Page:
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Sure there are ICOs that still raise millions, and I’m part of two of them currently, but in this situation 99% of funds are coming from private investors, which means that they could raise this money even with an ICO.

So why did this happen?

First of all ICO is very young industry, it’s only a little bit over year old. And unfortunately it dated in the time of a another crypto bubble. This made ICOs to sky rocket in the beginning, and then fall even harder. In a normal market situation it would take years for industry to grow to the size to what ICOs grew, but here it just happened way too fast.

This caused lot of investors to lose huge amount of funds. We are talking about tens of billions United States Dollars here. This is how much money has faded away from the token market since December 2017.

This is basically the same if Bitcoin had cost 100$ already in 2011, and then it would fall back to 1$. The trust in Bitcoin would have been lost since almost no one except few early adapters had a chance to cash out before it was too late.

And now for most tokens it’s unfortunately too late. Sadly they will never regain their previous value and will die out in the end completely. This is also due to the fact that most of the ICOs turned out to be scams, and the revolutionary product that promised will never be ready. Actually it hasn’t even been started in most cases.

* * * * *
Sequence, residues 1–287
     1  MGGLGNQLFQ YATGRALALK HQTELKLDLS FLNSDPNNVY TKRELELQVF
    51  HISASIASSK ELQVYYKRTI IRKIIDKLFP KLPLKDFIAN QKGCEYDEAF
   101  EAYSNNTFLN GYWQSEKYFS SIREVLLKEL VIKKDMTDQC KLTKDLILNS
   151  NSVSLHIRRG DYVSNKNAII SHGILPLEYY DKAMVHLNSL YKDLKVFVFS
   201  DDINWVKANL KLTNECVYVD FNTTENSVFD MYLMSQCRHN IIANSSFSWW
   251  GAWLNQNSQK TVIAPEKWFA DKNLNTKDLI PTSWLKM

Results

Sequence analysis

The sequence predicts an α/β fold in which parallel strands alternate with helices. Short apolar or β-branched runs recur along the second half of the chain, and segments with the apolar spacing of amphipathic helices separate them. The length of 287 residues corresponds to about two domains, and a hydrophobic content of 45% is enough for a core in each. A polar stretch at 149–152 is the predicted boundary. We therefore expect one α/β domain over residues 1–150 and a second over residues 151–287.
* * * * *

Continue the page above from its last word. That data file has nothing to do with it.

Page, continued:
What should we do now?

Relax, stop panicking. You will only make things worse. The money you stupidly invested in gone, but by spreading the fear you will risk destroying the whole industry.

There is nothing bad in ICOs. What simply happened is that euphoric investors poured money into ICOs because frankly they had no idea what they were doing and now they are paying for it.

If you did this, you can only blame yourself. Don’t blame the industry, it’s the same if you had invested in bad stocks, it just happened that most of the ICOs were bad, and this happened thanks to the idiots like you who though that putting money into something they didn’t understand was a good idea.

Right now we are entering the phase where all frauds of ICO companies are revealed and people are very cautious. Though as human nature is, they are again doing it wrong.

Instead of being wisely cautious, they are terrified of everything that says ICO. Now they are not investing even in the companies in which they would normally invest in, if it was a traditional fundraising.

This is why now we have to wait until fear will pass and people will finally view ICOs in a reasonable matter. When this will happen is unsure. But in order it to happen the whole crypto market, and Bitcoin as priority has to recover from last fall to at least the same value as the last all time high. After that we can see another boom in crytpo industry and see new assets coming to the market. I would expect this to happen within one year, and after that we can see the rebirth of the ICOs. And hopefully this time, investors will be smarter.

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What on Earth happened to ICOs? was originally published in Cryptocurrency Hub on Medium, where people are continuing the conversation by highlighting and responding to this story.